By Troy-Jeffrey Allen
I remain fascinated by lucha libre culture. Not just because of the fact that what these men and women do in the ring is undeniably, jaw-droppingly awe-inspiring, but because of how far these gravity-defying athletes will go to maintain their wrestling persona in real life.
If you’re not familiar with the world of lucha libre, it is a subgenre of professional wrestling popularized in Mexico. Like most wrestlers before the late 1990s, luchadors are supposed to conceal their personal lives from the public. However, unlike American wrestlers in this day and age, luchas continue to maintain that once unbreakable line between reality and fiction — upholding the long respected tradition of shrouding their visage from the public by constantly sporting their elaborately designed masks.
As a sort of testament to this (and how real it gets), Mexican photographer Lourdes Grobet has accumulated over 25 years of photos featuring Mexican wrestlers outside of the ring. Remezcla.com recently spotlighted Grobet’s two-plus decades worth of images and what she has documented is mesmerizing and outright surreal.
Father and warrior, the masked wrestler is the perfect metaphor for the duality that Grobet’s photography wants to depict. Her work is resonant because she doesn’t try to demolish the myths that envelop lucha libre – she simply nurtures and expands them in an offbeat way. “The first time I went to see lucha libre was very shocking,” said Grobet in an interview. “Then I realized this is the Mexico I was interested in, the true Mexico. Not the rural one, but the Mexico growing in an urban context.”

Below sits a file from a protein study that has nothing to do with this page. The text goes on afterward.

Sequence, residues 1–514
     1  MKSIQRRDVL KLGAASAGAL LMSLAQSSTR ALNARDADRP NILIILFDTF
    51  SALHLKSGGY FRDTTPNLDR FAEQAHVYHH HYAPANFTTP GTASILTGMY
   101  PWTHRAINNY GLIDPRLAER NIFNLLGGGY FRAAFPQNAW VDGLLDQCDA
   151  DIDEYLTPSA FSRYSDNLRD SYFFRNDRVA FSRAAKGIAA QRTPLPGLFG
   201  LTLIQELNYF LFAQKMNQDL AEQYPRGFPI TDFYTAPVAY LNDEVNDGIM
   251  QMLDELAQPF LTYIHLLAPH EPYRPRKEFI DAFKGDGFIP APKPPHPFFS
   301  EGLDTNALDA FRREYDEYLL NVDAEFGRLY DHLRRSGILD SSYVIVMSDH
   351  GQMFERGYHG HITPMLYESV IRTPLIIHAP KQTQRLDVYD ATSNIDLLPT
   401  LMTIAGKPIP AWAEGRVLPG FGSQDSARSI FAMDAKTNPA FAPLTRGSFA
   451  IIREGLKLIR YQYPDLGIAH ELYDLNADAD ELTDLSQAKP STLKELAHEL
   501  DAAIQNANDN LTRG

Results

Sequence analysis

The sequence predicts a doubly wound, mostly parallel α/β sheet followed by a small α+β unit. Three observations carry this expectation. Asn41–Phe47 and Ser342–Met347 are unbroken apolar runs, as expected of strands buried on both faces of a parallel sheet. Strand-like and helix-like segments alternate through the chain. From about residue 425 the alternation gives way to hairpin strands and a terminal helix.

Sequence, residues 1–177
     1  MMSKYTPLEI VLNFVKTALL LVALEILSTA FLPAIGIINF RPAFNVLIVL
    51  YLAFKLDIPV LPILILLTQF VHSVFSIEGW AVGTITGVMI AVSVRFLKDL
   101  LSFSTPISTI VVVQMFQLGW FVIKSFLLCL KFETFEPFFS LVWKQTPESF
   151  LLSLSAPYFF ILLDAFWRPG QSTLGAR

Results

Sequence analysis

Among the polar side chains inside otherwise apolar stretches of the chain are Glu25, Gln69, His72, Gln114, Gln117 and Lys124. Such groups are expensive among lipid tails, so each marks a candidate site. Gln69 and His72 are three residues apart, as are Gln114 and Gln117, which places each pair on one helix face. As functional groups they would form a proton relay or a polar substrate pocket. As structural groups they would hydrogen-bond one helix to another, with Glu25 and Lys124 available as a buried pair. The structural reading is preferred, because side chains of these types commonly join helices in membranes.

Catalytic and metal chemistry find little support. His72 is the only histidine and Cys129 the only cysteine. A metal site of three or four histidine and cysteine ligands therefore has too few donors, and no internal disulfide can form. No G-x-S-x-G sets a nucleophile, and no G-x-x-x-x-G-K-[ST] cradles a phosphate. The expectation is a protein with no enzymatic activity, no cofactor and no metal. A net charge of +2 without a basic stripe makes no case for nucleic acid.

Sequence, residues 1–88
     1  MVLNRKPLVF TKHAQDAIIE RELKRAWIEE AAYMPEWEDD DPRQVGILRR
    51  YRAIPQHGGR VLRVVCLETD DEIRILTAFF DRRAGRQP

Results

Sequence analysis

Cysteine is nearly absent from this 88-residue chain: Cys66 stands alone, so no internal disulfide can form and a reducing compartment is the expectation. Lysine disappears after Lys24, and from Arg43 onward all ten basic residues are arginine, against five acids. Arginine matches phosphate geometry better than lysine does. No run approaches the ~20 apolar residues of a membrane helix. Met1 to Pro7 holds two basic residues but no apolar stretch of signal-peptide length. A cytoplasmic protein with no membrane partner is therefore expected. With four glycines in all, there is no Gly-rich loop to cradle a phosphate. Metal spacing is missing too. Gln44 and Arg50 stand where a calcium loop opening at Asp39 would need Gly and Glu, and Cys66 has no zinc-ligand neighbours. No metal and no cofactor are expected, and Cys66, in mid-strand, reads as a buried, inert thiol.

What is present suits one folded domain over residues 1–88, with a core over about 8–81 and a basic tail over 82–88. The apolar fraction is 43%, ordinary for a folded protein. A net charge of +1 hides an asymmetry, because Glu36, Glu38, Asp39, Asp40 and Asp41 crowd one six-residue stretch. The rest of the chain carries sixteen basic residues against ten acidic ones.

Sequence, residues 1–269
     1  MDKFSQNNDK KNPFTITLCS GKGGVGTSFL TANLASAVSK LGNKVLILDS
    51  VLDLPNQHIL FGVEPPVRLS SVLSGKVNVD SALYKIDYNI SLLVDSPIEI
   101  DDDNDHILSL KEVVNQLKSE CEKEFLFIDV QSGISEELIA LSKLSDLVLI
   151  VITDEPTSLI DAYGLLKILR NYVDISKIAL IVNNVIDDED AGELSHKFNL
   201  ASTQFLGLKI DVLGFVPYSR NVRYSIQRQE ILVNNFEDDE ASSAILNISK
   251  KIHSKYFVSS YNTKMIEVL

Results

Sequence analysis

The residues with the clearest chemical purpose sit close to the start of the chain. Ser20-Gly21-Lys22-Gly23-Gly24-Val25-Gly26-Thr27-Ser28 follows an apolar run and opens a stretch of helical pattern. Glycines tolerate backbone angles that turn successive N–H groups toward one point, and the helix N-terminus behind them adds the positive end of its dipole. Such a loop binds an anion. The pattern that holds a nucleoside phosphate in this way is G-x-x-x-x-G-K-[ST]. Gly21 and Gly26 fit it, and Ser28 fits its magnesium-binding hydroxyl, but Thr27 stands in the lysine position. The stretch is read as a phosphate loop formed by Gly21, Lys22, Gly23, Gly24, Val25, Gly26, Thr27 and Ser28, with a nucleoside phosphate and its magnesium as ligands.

I’ve included a few images of Lourdes’ work below, but you should definitely check out the intriguing yet all to brief article about her work over Remezcla.com HERE.
Source: Remezcla | Troy on Twitter | Action A Go Go on Twitter and Instagram | Be sure to leave your thoughts in the comments section!
Troy-Jeffrey Allen writes about action/adventure for Action A Go Go. He is a comic book writer whose works include BamnComics.com, The Magic Bullet, Dr. Dremo’s Taphouse of Tall Tales, and the Harvey Award nominated District Comics. In addition, Allen has been a contributing writer for ComicBookBin.com, OfNote Magazine, and ForcesOfGeek.com. His work has been featured in the City Paper, The Baltimore Sun, Bethesda Magazine, The Examiner, and The Washington Post. Yes, he wrote this bio.